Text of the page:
Funding

The study was supported by a grant from the North-Rhine Westphalian Ministry of Health and Social Services.

Conflict of interest statement

All authors declare that they have no conflict of interest.

References

  1. 1.
    Cummings SR, Melton LJ (2002) Epidemiology and outcomes of osteoporotic fractures. Lancet 359:1761–1767PubMedCrossRefGoogle Scholar
  2. 2.
    Keene GS, Parker MJ, Pryor GA (1993) Mortality and morbidity after hip fractures. BMJ 307:1248–1250PubMedGoogle Scholar
  3. 3.
    Kannus P, Pakkari J, Niemi S (1995) Age-adjusted incidence of hip fractures. Lancet 346:350–351CrossRefGoogle Scholar
  4. 4.
    Wildner M, Clark DE (2001) Hip fracture incidence in East and West Germany. Reassessment 10 years after unification. Osteoporos Int 12:136–139PubMedCrossRefGoogle Scholar
  5. 5.
    Finsen V, Johnsen LG, Trano G, Hansen B, Sorensen Sneve K (2004) Hip fracture incidence in central Norway: A follow up study. Clin Orthop 419:173–178PubMedCrossRefGoogle Scholar
  6. 6.
    Giversen IM (2006) Time trends of age-adjusted incidence rates of first hip fractures: a register-based study among older people in Viborg County, Denmark, 1987–1997. Osteoporos Int 17:552–564PubMedCrossRefGoogle Scholar
  7. 7.
    Lönnroos E, Kautiainen H, Karppi P, Huusko T, Hartikainen S, Kiviranta I, Sulkava R (2006) Increased incidence of hip fractures. A population based study in Finland. Bone 39:623–627PubMedCrossRefGoogle Scholar
  8. 8.
    Bjorgul K, Reikeras O (2007) Incidence of hip fracture in southeastern Norway. Int Orthop 31:665–669PubMedCrossRefGoogle Scholar
  9. 9.
    Jaglal SB, Weller I, Mamdani M, Hawker G, Kreder H, Jakkimainen L, Adachi JD (2005) Population trends in BMD testing, treatment, and hip and wrist fracture rates: are the hip fracture projections wrong? J Bone Miner Res 20:898–905PubMedCrossRefGoogle Scholar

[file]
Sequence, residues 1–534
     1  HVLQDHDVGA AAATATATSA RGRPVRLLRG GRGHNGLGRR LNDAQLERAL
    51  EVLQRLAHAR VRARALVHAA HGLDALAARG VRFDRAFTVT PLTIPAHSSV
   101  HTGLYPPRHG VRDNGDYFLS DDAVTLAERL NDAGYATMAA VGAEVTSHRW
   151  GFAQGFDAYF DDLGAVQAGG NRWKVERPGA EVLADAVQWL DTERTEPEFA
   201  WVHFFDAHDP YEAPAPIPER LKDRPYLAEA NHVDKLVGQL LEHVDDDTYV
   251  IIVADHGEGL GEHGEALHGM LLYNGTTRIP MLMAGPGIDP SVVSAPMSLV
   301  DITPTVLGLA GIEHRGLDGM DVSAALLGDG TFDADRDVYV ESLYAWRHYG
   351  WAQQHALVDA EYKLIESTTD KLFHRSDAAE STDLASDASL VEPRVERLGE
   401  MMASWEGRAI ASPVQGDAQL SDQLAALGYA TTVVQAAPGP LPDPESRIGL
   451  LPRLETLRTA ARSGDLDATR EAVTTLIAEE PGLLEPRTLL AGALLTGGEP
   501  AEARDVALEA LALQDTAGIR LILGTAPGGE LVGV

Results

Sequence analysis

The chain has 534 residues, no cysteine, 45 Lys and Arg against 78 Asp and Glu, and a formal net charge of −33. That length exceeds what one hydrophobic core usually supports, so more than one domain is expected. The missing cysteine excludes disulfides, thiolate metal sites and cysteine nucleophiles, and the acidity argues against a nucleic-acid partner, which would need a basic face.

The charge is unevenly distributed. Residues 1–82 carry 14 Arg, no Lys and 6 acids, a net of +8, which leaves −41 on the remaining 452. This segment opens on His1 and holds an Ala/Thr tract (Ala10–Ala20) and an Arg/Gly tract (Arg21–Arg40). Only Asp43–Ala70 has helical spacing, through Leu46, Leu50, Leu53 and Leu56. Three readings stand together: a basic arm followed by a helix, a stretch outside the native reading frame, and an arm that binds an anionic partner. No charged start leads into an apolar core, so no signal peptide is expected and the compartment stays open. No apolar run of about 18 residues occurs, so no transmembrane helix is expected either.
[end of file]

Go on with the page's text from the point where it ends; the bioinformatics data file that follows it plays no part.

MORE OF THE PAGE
10. 10.
    Hernandez JL, Olmos JM, Alonso MA, Gonzales-Fernandez CR, Martinez J, Pajaron M, Llorca J, Gonzales-Macias J (2006) Trend in hip fracture epidemiology over a 14-year period in a Spanish population. Osteoporos Int 17:464–470PubMedCrossRefGoogle Scholar
  11. 11.
    Gehlbach SH, Avrunin JS, Puleo E (2006) Trends in hospital care for hip fracture. Osteopor Int 18:585–591CrossRefGoogle Scholar
  12. 12.
    Kannus P, Niemi S, Parkkari J, Palvanan M, Vuori I, Jarvinen M (2006) Nationwide decline in incidence of hip fracture. Bone Mineral Res 21:1836–1838CrossRefGoogle Scholar
  13. 13.
    Löfmann O, Berglund K, Larsson L, Toss G (2002) Changes in hip fracture epidemiology: Redistribution between ages, genders, and fracture types. Osteopor Int 13:18–25CrossRefGoogle Scholar
  14. 14.
    Centers for Disease Control and Prevention (2006) Fatalities and injuries from falls among older adults-United States, 1993–2003 and 2001–2005. MMWR Morb Mortal Wkly Rep 55:1221–1224Google Scholar
  15. 15.
    Chevalley T, Guilley E, Herrmann FR, Hoffmeyer P, Rapin CH, Rizzoli R (2007) Incidence of hip fracture over a 10-year period (1991-2000): Reversal of a secular trend. Bone 40:1284–1289PubMedCrossRefGoogle Scholar
  16. 16.